Justice Angela R. Riley spoke at the 11th Annual John Paul Stevens Lecture in the University of Colorado Boulder’s Wolf Law Building on Tuesday, Oct. 18. Justice Riley made history as the first justice of the high court of an Indigenous nation to present at this event.
Since 2011, the university has invited an honored jurist to Colorado Law to discuss current topics in the American legal world. This year, Justice Riley, the chief justice of the Supreme Court of the Citizen Potawatomi Nation of Oklahoma, addressed the role of tribal courts as the “third sovereign” in her talk titled “The Third Sovereign: Tribal Courts and Indian Country Justice.” Supreme Court Justice Sandra Day O’Connor originally laid out tribal courts’ role as the third sovereign during the Indian Sovereignty Symposium in Tulsa, Okla. in 1996.
Justice Riley joined the court in 2003, becoming the youngest justice and first female justice to serve on the court and then became Chief Justice in 2010. She currently teaches law and American Indian studies and holds various other advisor and directorial roles for Indigenous affairs at the University of California Los Angeles.
Dean Lolita Buckner Inniss began the talk with CU Boulder’s land acknowledgment, which set the stage for the “Fireside Chat,” an interview of Justice Riley where she discussed the importance of tribal sovereignty, particularly in the legal world.
“It’s at the heart of it, really,” Justice Riley said when asked about the role of tribal courts in sovereignty. “The law that’s being applied at the tribal court is the law of the tribe itself.”
The Indian Reorganization Act of 1934 began the modern tribal court system today. It granted certain rights to tribes for “home rule” and the establishment of various organizations. The act allowed tribes to have officially recognized self-government and, as a result, more than 150 tribes adopted constitutions. The loosening of federal control created an environment in which tribal courts could form.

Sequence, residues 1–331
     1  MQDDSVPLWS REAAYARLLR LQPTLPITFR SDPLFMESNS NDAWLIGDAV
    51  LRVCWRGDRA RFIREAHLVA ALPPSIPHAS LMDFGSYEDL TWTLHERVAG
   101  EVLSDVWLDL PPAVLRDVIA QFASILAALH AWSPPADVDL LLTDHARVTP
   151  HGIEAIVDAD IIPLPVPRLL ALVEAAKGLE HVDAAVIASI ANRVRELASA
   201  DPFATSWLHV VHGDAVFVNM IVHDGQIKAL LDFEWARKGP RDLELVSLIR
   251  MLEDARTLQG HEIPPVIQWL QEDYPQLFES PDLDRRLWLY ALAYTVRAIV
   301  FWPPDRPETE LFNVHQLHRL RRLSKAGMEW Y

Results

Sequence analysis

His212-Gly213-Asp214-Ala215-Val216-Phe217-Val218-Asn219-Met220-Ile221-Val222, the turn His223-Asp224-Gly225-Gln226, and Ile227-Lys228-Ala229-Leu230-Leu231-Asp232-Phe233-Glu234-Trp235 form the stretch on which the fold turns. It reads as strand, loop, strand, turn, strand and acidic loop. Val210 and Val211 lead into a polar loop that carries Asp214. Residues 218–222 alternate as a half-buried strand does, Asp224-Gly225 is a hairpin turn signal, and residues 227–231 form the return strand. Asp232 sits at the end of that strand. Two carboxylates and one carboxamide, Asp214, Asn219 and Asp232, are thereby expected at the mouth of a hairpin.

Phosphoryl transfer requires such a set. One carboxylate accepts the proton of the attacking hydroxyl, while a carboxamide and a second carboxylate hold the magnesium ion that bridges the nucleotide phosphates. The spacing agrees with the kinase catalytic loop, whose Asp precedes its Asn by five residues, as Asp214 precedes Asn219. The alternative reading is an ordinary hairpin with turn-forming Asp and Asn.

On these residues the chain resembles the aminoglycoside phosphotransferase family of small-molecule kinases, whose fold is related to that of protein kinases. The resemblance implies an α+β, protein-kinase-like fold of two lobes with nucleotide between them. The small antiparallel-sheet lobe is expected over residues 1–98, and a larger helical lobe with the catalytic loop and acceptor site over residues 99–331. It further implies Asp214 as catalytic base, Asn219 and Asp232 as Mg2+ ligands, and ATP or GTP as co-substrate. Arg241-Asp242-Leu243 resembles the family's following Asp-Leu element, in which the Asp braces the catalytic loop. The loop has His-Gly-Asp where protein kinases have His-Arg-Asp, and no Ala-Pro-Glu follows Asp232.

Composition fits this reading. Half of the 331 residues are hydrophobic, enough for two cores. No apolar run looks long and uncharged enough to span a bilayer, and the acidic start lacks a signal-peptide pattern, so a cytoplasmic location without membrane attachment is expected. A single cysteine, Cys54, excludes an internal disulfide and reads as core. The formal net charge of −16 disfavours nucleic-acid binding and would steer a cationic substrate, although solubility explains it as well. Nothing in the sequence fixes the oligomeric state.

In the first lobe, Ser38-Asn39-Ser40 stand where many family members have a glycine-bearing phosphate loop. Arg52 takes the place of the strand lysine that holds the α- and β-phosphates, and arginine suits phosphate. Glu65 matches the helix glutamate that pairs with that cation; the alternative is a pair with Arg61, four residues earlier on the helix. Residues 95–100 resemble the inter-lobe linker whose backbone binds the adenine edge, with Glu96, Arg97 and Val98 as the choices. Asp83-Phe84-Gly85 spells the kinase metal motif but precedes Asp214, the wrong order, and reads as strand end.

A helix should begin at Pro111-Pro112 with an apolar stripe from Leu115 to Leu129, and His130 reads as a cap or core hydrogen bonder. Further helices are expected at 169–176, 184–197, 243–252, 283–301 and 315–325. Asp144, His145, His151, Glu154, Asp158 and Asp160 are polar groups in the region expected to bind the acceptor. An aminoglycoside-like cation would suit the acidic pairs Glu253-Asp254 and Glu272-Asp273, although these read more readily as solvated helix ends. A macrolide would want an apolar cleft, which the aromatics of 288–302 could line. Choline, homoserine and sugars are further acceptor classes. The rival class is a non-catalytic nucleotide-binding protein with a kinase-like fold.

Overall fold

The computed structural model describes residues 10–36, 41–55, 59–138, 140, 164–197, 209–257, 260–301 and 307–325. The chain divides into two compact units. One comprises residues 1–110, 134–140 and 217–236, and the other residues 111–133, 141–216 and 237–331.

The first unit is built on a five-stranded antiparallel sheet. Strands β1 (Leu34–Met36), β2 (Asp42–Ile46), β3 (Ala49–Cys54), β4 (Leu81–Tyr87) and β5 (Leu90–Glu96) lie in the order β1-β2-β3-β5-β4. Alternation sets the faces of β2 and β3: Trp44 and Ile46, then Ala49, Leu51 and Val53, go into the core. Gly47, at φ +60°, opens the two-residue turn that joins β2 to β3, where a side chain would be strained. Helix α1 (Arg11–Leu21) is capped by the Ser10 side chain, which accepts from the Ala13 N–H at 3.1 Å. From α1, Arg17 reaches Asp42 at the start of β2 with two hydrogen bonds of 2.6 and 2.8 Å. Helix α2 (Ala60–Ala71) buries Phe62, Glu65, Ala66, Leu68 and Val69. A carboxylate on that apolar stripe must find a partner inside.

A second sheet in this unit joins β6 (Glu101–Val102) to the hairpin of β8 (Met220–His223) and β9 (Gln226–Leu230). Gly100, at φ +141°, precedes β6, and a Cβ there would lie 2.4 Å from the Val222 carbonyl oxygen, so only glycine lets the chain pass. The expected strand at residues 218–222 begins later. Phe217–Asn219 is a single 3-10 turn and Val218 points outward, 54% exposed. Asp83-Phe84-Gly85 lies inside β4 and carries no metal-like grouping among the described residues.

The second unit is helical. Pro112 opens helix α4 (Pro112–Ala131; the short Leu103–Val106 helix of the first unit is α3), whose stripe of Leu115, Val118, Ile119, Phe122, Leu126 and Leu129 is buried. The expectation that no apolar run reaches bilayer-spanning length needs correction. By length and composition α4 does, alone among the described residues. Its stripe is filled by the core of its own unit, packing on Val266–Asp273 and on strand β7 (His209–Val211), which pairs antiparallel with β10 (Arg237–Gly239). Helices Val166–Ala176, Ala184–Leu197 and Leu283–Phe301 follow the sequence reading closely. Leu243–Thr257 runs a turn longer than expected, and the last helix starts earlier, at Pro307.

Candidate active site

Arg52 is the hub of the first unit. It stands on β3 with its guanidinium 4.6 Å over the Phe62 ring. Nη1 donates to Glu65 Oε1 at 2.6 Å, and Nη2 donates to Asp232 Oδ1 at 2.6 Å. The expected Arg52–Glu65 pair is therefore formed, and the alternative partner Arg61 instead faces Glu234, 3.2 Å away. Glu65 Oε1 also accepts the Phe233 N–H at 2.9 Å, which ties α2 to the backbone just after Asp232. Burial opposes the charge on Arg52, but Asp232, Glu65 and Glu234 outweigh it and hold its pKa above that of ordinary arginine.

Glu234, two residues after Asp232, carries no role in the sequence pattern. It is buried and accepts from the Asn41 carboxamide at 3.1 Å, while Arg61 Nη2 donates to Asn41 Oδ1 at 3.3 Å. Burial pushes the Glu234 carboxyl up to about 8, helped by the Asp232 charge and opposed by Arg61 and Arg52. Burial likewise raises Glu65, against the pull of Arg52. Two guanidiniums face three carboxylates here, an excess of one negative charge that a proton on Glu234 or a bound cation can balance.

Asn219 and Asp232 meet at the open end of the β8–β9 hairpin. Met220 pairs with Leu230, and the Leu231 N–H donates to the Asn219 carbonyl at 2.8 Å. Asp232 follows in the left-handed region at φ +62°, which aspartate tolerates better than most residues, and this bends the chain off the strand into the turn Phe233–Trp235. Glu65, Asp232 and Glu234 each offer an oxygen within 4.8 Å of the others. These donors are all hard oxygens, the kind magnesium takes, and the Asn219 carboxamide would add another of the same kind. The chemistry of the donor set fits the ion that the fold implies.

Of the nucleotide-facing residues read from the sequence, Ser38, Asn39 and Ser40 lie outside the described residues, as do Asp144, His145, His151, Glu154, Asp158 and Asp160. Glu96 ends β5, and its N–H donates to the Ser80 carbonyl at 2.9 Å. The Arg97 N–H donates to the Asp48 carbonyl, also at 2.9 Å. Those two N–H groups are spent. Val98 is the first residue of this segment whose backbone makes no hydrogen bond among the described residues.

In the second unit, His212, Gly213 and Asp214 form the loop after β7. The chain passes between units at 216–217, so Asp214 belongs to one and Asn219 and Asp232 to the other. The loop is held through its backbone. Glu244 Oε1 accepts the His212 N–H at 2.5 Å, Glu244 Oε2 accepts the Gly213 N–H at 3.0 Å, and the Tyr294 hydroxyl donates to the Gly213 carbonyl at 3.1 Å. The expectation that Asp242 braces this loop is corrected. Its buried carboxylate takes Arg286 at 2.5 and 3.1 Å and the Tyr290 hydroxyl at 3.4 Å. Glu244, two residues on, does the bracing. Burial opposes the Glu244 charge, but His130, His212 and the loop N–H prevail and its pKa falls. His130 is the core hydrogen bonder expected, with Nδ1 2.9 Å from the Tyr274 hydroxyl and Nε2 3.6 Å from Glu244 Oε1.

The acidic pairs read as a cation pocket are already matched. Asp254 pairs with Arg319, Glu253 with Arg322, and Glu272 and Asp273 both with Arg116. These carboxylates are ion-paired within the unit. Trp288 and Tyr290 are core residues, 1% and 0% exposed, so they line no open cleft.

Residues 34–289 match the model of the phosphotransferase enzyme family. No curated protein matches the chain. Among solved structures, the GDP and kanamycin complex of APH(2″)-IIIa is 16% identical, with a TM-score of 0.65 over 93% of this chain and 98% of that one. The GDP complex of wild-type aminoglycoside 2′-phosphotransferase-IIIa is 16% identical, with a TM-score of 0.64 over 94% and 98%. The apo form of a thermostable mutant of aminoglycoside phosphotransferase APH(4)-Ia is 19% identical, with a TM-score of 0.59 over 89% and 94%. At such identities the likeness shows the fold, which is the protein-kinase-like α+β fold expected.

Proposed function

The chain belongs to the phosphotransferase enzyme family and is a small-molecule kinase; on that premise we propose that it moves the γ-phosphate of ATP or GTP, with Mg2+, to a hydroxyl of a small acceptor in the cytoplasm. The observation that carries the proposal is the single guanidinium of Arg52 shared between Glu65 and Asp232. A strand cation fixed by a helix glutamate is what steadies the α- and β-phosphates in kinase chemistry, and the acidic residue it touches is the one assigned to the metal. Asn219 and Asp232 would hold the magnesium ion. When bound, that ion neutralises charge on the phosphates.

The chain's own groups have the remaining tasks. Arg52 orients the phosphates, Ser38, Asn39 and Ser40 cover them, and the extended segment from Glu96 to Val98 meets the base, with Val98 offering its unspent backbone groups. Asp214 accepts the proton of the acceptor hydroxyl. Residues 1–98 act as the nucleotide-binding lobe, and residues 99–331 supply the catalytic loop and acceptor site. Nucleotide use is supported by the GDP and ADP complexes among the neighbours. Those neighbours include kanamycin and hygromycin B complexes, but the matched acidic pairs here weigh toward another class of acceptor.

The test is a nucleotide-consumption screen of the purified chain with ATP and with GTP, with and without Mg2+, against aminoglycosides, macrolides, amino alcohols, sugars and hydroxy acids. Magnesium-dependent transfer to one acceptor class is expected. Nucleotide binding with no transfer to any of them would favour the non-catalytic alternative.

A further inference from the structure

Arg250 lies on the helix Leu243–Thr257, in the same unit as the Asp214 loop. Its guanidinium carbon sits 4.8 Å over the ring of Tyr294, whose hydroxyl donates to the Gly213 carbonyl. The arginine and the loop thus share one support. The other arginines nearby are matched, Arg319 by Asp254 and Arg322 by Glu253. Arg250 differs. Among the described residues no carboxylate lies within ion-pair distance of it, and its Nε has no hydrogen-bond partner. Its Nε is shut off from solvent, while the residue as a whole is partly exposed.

“[Tribal legal systems] are really at the core of self-determination,” Justice Riley said. “And I think it’s no surprise that one of the key efforts of the United States, in terms of trying to undermine tribal sovereignty historically, was to criminalize tribal courts.”
Justice Riley also spoke of the disproportionate violence enacted on Indigenous women and girls and the potential of the tribal legal system to resolve some of these matters.
“There are about 85% of Indigenous women and Alaska Native women who have been subjected to violence at some point during their lives,” said Professor Suzette Malveaux, director of the Byron R. White Center, who gave Justice Riley questions throughout the talk.
Justice Riley said the reauthorization of the Violence Against Women Act maintains the legal sovereignty of tribal courts.
“[The act] acknowledges tribes’ inherent sovereignty to have criminal jurisdiction over non-Indians who commit certain kinds of crimes, mostly related to domestic violence and sexual assault,” she said.
Ultimately, Justice Riley underscored the self-determination of Native American tribe governances.
The U.N. adopted the Declaration on the Rights of Indigenous Peoples in 2007 to protect the well-being of Indigenous people globally by calling on governments to ensure protections for certain rights, including the right to self-determination. CU Boulder Law students in the American Indian Law Program took their work to the national level in 2021 with The Tribal Implementation Toolkit, a guide to how tribes in the U.S. can implement these UN standards through tribal lawmaking.
“Tribes can be the leaders in this,” said Justice Riley, referencing the process of monitoring the progress of Indigenous rights. “Again, achieving justice on our own, being the model, being good Native governments.”
Contact CU Independent Staff Writer Ann Marie Vanderveen at firstname.lastname@example.org.